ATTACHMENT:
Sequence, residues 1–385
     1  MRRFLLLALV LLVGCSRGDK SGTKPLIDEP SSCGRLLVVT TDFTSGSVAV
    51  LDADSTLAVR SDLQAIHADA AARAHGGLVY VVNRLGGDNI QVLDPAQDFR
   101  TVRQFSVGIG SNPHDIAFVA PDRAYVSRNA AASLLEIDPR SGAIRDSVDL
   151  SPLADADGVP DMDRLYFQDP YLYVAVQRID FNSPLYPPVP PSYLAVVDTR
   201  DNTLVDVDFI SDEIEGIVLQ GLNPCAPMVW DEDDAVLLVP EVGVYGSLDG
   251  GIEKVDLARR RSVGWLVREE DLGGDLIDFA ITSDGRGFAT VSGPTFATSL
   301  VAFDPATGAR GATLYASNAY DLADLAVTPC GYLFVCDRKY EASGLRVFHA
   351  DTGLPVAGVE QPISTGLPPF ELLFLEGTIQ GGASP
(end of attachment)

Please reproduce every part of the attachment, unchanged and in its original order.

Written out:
Sequence, residues 1–385
     1  MRRFLLLALV LLVGCSRGDK SGTKPLIDEP SSCGRLLVVT TDFTSGSVAV
    51  LDADSTLAVR SDLQAIHADA AARAHGGLVY VVNRLGGDNI QVLDPAQDFR
   101  TVRQFSVGIG SNPHDIAFVA PDRAYVSRNA AASLLEIDPR SGAIRDSVDL
   151  SPLADADGVP DMDRLYFQDP YLYVAVQRID FNSPLYPPVP PSYLAVVDTR
   201  DNTLVDVDFI SDEIEGIVLQ GLNPCAPMVW DEDDAVLLVP EVGVYGSLDG
   251  GIEKVDLARR RSVGWLVREE DLGGDLIDFA ITSDGRGFAT VSGPTFATSL
   301  VAFDPATGAR GATLYASNAY DLADLAVTPC GYLFVCDRKY EASGLRVFHA
   351  DTGLPVAGVE QPISTGLPPF ELLFLEGTIQ GGASP